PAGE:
Urban redevelopment agencies that have been used to revitalize the decaying cores of Utah cities are under attack, members of the Wasatch Front Regional Council were warned last week.
Several mayors and city officials from Wasatch Front cities said the future of redevelopment agencies - called RDAs - is cloudy because state lawmakers are listening to unfounded criticism of the agencies.RDAs have been critical to efforts to rebuild the downtown and core areas of cities, the officials said. They plan to counter the attacks on RDAs with lobbying efforts in the upcoming legislative session through the Utah League of Cities and Towns.
North Ogden Mayor A. Bruce Durstelersaid his city's RDA has been a major means of improving his community, a sentiment echoed by several other mayors, city council members and administrators attending the council meeting.
"But elsewhere around the state, there seems to be a movement to shut down the RDAs or change their legal status," Dursteler warned. "I would like to see RDAs be improved without negating their impact."
Sandy Mayor Larry Smith said a major opponent to RDAs is the education lobby.
When property is put into a designated redevelopment district, it is removed from the property rolls. Taxes, often reduced to far-below-normal levels to attract developers, are paid back to the redevelopment agency, which uses the money to pay off revenue bonds issued to finance property acquisition and other improvements, such as water and sewer upgrades, invested in the district.
It is the removal of the property from tax rolls that has sparked opposition from the education lobby, according to city officials. Some county officials are also opposed to RDAs because they reduce property tax revenue to counties.
Smith agreed there may be some abuses by RDAs, such as declaring raw land blighted to include it in a redevelopment project, but he said the program should be modified and requirements tightened, not killed off.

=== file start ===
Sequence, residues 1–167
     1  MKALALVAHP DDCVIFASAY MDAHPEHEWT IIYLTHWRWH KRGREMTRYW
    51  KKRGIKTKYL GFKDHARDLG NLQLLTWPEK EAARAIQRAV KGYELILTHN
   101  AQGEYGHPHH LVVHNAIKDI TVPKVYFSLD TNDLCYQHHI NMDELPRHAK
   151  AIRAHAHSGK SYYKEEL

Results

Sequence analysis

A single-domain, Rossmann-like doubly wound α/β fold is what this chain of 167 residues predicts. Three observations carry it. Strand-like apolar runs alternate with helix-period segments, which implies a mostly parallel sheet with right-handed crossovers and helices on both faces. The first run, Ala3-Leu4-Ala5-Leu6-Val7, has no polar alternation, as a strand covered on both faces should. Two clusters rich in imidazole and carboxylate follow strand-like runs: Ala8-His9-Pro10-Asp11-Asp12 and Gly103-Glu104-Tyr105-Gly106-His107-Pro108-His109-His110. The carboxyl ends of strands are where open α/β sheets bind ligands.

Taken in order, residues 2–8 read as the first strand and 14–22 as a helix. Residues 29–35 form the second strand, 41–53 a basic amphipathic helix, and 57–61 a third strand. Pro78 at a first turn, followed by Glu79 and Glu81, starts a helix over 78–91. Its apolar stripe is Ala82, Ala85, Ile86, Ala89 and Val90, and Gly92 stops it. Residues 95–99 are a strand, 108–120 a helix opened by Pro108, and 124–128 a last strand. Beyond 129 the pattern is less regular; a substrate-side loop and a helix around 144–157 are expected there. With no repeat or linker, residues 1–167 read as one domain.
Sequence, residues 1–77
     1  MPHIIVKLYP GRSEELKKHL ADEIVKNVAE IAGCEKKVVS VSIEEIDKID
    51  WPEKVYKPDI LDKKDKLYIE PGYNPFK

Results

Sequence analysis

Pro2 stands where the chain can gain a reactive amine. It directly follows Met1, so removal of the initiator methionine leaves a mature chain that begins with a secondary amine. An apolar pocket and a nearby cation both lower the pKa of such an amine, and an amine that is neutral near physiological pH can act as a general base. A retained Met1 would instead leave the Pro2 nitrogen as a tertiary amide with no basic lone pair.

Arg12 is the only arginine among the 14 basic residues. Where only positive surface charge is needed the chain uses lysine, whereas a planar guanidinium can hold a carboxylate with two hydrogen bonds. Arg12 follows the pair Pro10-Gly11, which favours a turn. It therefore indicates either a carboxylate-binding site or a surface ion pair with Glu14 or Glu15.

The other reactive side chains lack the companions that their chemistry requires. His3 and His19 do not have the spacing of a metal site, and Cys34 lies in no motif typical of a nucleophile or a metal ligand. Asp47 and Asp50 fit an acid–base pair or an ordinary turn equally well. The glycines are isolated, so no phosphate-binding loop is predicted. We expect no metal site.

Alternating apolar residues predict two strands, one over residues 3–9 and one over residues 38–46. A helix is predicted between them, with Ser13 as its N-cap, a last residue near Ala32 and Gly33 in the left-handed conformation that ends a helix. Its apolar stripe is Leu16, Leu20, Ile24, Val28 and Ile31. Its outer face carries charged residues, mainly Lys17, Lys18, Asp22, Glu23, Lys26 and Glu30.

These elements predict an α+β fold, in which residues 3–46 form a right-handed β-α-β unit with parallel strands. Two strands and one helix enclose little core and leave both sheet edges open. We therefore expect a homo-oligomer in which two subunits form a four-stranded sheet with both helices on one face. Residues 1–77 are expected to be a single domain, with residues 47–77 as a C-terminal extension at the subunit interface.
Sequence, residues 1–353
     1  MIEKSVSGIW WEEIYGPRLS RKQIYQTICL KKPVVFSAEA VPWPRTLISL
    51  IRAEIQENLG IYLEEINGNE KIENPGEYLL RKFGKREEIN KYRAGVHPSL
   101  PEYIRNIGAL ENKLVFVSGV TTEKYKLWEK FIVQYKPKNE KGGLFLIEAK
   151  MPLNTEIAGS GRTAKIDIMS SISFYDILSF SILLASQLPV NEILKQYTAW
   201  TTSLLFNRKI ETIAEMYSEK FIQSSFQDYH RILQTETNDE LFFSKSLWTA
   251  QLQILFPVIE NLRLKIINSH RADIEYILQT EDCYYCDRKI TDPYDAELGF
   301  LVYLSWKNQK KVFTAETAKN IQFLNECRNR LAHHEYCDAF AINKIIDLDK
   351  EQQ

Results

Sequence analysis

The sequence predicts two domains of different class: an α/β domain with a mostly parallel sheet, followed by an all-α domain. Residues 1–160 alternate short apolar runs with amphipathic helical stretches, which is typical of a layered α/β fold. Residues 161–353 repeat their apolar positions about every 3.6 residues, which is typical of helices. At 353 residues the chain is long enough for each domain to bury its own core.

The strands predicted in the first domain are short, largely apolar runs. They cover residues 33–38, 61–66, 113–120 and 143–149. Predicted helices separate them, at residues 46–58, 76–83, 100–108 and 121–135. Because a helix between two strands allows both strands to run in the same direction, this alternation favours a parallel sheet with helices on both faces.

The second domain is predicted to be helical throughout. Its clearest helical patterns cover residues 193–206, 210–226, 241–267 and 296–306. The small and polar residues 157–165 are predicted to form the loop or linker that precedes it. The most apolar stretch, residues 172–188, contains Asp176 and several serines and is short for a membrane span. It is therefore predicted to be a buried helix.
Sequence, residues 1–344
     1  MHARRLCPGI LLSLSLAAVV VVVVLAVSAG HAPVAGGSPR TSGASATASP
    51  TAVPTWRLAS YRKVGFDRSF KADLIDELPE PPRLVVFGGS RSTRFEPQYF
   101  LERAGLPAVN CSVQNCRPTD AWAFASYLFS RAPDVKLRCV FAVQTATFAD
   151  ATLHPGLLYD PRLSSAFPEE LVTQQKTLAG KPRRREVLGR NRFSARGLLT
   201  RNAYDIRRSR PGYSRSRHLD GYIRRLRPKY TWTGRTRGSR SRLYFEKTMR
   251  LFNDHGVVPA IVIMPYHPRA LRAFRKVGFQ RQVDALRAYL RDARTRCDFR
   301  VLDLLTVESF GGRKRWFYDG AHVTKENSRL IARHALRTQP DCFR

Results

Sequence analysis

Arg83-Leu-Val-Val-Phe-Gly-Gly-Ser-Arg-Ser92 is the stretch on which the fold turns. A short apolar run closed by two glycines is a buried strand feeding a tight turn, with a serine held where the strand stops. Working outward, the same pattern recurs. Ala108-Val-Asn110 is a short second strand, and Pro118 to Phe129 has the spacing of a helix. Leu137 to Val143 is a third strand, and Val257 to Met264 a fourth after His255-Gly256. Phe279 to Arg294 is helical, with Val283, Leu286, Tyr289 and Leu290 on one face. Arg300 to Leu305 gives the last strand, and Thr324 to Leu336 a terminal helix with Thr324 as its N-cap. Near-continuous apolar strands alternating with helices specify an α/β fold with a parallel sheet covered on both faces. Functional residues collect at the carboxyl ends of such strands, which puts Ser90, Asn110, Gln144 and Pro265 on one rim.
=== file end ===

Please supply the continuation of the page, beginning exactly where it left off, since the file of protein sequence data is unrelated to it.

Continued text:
Councilman Kay Chandler of Clearfield said he just returned from a weeklong trip to the East Coast, talking to businesses about relocating into his city's Freeport Center.
"All 11 of the manufacturing plants we talked to asked about redevelopment agencies. They all asked about what the RDAs could do for them. They're vital to any economic development effort on the part of the state," said Chandler.
Randy Sant, Washington Terrace City administrator, said he's been lobbying for RDAs in the Legislature for the past four years.
"The legislators are asking for an audit of the RDA program because of citizen requests, requests that are coming in from off the Wasatch Front," Sant told the council.
"The Legislature needs to become more familiar with RDAs and what they do, how they operate. We need to prepare to deal with the misperceptions around RDAs and how they operate," Sant said.
"I believe RDAs work just fine as they are now. If new laws are introduced or RDAs are modified, the RDA officials should have a hand in how it's done.
"The changes made by the Legislature in 1983 are still hurting us badly," Sant said. "We've had to get very creative in our financing since then, and it's hurt."
"RDAs are one of the chief benefits we have in our economic development effort in the state," Sant told the council members.